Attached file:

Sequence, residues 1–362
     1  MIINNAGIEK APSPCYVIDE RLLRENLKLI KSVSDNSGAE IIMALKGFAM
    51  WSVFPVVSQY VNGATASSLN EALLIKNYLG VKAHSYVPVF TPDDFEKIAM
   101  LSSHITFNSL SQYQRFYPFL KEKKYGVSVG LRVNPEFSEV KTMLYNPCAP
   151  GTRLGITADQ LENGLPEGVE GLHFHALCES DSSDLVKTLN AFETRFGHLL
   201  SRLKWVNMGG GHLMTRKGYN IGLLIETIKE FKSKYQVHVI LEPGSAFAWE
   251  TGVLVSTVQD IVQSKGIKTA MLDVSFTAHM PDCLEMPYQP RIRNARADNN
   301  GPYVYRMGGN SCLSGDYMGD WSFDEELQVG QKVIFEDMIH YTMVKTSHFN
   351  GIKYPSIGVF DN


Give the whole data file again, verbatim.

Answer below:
Sequence, residues 1–362
     1  MIINNAGIEK APSPCYVIDE RLLRENLKLI KSVSDNSGAE IIMALKGFAM
    51  WSVFPVVSQY VNGATASSLN EALLIKNYLG VKAHSYVPVF TPDDFEKIAM
   101  LSSHITFNSL SQYQRFYPFL KEKKYGVSVG LRVNPEFSEV KTMLYNPCAP
   151  GTRLGITADQ LENGLPEGVE GLHFHALCES DSSDLVKTLN AFETRFGHLL
   201  SRLKWVNMGG GHLMTRKGYN IGLLIETIKE FKSKYQVHVI LEPGSAFAWE
   251  TGVLVSTVQD IVQSKGIKTA MLDVSFTAHM PDCLEMPYQP RIRNARADNN
   301  GPYVYRMGGN SCLSGDYMGD WSFDEELQVG QKVIFEDMIH YTMVKTSHFN
   351  GIKYPSIGVF DN